I'm pissed off at the news media, because I think they failed their duty to the truth. But that's an old timey view of the news media. The metric for success in mainstream media is revenue for shareholders. Les Moonves is measured by how well he fulfilled his duty to shareholders.
Les Moonves, the chief executive of CBS, celebrated Donald Trump’s candidacy for the second time on Monday, calling it “good for us economically.” Moonves, speaking at the Morgan Stanley Technology, Media, and Telecom Conference at the Park Hotel in San Francisco, described the “circus” of a presidential campaign and the flow of political advertising dollars, and stated that it “may not be good for America, but it’s damn good for CBS, that’s all I got to say.”
What if generating money was taken out of the equation? What if you didn't have to show shareholders you are making a profit, not even breaking even?
In the high tech venture capital world people get money to realize an idea. They don't have the instant demand to make money in the beginning. The money they spend during their early months and years with little or no revenue coming in is called the "burn rate" the goal is a successful product, service or company. The companies are looking towards a "liquidity event" an acquisition, an IPO or a profitable company. Things are different if you never even have to attempt to do any of those things. What if you have "money to burn" that keeps coming for as long as you do one specific thing? Like push an specific idea or point of view.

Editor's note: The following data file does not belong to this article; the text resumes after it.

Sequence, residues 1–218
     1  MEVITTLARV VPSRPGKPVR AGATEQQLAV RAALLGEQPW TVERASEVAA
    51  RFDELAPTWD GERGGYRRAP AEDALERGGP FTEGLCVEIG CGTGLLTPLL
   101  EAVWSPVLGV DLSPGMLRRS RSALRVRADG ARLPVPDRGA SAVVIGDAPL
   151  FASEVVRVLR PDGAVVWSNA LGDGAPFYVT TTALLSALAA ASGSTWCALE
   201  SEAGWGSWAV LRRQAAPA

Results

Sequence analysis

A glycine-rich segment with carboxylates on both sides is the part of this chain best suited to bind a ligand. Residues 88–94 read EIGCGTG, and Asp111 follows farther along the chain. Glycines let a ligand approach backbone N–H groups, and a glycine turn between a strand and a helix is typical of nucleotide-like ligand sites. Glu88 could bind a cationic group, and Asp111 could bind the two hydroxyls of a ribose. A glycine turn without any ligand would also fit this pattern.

Rebekah, Robert, and Diana Mercer at the 2014 World Science Festival Gala on April 7, 2014. Rebekah is one of 16 on Trump's transition team executive committee. Her father Robert is among Trump’s top financial backers
And there was something else about that name that rang a dog whistle. Remember the planned Islamic center in Lower Manhattan?
Guess who was behind the ad campaign attacking it?
Robert Mercer, the co-CEO of the giant hedge fund manager Renaissance Technologies, appears to have financed the ad campaign entirely himself, through a $1 million contribution on July 26, 2011. - Politico January 18, 2011
When a billionaire spends his money to push an idea, it doesn't have to have a monetary pay off. A profit-making corporation needs to show how an investment adds to the health of the business. If Mercer wants to spend $10-15 million for a Muslim hating, money-losing media outlet, nobody is stopping him. And, if in the process he figures out how to use it to save money, to quote Donald Trump, "That's just smart business"
One thing to keep an eye on during the Trump administration: the resolution of a long-running tax dispute between Renaissance Technologies and the Internal Revenue Service. The tax agency is challenging a series of financial maneuvers that reduced Renaissance managers’ tax bills. Although the amount in dispute isn’t public, a Senate report in 2014 estimated that the moves may have saved $6 billion or more.
--November 11, 2016 Bloomberg Politics
Phalen's piece shows how comparatively little money it took to prop up Breitbart and put the country on this ever more radical right-wing path.
Think about all the money that went to mainstream media in political ads this year. Was any of it earmarked for better journalism? Could the media moguls have rolled any of that out in the direction of investigation of Donald Trump pre-election?